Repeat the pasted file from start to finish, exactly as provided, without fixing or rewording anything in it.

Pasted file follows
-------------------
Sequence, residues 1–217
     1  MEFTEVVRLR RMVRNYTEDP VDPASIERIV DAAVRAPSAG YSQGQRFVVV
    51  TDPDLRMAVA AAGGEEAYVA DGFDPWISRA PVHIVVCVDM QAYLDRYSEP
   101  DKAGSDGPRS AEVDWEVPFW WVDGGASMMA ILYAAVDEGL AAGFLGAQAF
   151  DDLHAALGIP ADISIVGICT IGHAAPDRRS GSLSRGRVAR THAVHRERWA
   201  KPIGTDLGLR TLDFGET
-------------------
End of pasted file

Sequence, residues 1–217
     1  MEFTEVVRLR RMVRNYTEDP VDPASIERIV DAAVRAPSAG YSQGQRFVVV
    51  TDPDLRMAVA AAGGEEAYVA DGFDPWISRA PVHIVVCVDM QAYLDRYSEP
   101  DKAGSDGPRS AEVDWEVPFW WVDGGASMMA ILYAAVDEGL AAGFLGAQAF
   151  DDLHAALGIP ADISIVGICT IGHAAPDRRS GSLSRGRVAR THAVHRERWA
   201  KPIGTDLGLR TLDFGET